Judges in Street Clothes: Acting Ethically Off-the-Bench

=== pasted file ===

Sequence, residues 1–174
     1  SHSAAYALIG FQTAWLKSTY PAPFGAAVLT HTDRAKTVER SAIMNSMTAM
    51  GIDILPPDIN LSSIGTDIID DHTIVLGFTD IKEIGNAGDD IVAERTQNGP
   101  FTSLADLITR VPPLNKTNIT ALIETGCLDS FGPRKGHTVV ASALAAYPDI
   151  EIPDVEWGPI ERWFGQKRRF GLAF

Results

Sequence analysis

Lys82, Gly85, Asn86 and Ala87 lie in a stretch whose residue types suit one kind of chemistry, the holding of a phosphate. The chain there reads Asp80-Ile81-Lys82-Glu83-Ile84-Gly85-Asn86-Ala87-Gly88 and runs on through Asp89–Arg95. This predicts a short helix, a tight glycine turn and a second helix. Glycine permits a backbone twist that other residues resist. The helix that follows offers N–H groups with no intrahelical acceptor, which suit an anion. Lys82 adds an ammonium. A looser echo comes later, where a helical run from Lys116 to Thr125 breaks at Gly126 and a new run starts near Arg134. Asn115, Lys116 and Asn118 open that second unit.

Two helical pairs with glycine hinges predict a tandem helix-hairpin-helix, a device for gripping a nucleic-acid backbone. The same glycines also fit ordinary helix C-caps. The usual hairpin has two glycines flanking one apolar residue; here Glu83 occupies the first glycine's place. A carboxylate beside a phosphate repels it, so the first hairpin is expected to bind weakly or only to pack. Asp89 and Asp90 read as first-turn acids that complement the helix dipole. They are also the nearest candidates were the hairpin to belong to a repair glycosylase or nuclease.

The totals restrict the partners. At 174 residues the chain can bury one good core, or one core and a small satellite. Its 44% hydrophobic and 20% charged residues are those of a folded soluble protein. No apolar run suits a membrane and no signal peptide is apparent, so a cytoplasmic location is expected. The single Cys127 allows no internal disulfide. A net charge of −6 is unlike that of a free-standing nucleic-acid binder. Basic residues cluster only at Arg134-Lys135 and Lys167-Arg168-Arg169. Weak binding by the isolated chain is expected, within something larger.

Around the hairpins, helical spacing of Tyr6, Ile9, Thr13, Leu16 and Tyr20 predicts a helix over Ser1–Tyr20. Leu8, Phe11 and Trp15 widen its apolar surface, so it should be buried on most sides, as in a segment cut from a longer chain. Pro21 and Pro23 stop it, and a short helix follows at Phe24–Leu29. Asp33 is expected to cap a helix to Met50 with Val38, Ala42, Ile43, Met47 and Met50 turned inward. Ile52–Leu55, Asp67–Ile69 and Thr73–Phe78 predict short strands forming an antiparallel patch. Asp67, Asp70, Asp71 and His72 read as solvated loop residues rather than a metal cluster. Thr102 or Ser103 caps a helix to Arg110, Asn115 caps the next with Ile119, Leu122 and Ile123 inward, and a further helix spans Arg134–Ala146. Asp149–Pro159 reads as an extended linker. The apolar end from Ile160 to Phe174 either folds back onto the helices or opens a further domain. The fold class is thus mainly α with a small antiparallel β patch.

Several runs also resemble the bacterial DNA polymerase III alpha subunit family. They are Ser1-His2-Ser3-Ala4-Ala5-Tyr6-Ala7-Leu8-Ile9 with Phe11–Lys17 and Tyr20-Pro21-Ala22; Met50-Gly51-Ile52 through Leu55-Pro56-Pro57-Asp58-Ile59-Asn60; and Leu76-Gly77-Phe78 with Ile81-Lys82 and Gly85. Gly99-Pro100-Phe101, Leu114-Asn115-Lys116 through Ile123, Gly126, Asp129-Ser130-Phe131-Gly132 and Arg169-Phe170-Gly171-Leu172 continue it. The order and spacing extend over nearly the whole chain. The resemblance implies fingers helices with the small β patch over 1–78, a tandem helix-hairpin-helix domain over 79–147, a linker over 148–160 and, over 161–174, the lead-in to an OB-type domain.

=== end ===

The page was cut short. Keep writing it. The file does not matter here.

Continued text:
To maintain public confidence in the judiciary, judges are governed by the strictest of ethical codes. Codes of conduct not only circumscribe a judge's official conduct but also restrict every aspect of a judge's off-bench life. Judges in Street Clothes: Acting Ethically Off-the-Bench provides an in-depth analysis of the rules limiting the charitable, educational, religious, fraternal, civic, and law-related extrajudicial activities of state and federal judges. This comprehensive, heavily footnoted resource examines: (1) the historical development of the American Bar Association's four model judicial codes with an emphasis on the rules regulating the charitable, educational, religious, fraternal, civic, and law-related activities of judges; (2) the State's interests in restricting the extrajudicial activities of judges; (3) the strengths and weaknesses of rules governing a judge's off-bench activities; (4) how state and federal courts, judicial disciplinary commissions, and judicial ethics advisory committees have interpreted judicial conduct rules; (5) best practices for judges; and (6) the constitutionality of the restrictions on a judge's charitable, educational, religious, fraternal, civic, and law-related undertakings. From both a theoretical and practical standpoint, this book addresses the ethical implications of the everyday activities of judges. How far may a judge go in expressing personal opinions about social and legal issues? What are the limits on a judge's use of social media? Is it permissible for a judge to receive an award from a victim advocacy group? Do the rules permit a judge to speak at a church or bar association's fund-raising dinner? May judges teach prosecutors and law enforcement officials how to improve their job performance? May a judge appear in an informational video for the judge's alma mater? Former judge Raymond J. McKoski discusses these and a host of other everyday situations judges face in their attempts to remain involved community members while promoting public confidence in the independence, integrity, and impartiality of the judiciary.